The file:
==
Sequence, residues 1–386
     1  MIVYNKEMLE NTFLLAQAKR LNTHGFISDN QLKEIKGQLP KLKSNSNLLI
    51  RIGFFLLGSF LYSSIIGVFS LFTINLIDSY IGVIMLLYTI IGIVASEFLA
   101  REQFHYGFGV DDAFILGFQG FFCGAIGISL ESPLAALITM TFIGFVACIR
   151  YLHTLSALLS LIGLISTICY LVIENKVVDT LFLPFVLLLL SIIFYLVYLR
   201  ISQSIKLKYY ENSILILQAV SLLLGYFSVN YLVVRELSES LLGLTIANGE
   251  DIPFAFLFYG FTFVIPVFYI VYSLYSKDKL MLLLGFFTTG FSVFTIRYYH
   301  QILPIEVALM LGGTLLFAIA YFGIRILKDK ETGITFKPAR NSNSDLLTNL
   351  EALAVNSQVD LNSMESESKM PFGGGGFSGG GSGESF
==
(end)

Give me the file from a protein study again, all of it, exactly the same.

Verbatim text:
Sequence, residues 1–386
     1  MIVYNKEMLE NTFLLAQAKR LNTHGFISDN QLKEIKGQLP KLKSNSNLLI
    51  RIGFFLLGSF LYSSIIGVFS LFTINLIDSY IGVIMLLYTI IGIVASEFLA
   101  REQFHYGFGV DDAFILGFQG FFCGAIGISL ESPLAALITM TFIGFVACIR
   151  YLHTLSALLS LIGLISTICY LVIENKVVDT LFLPFVLLLL SIIFYLVYLR
   201  ISQSIKLKYY ENSILILQAV SLLLGYFSVN YLVVRELSES LLGLTIANGE
   251  DIPFAFLFYG FTFVIPVFYI VYSLYSKDKL MLLLGFFTTG FSVFTIRYYH
   301  QILPIEVALM LGGTLLFAIA YFGIRILKDK ETGITFKPAR NSNSDLLTNL
   351  EALAVNSQVD LNSMESESKM PFGGGGFSGG GSGESF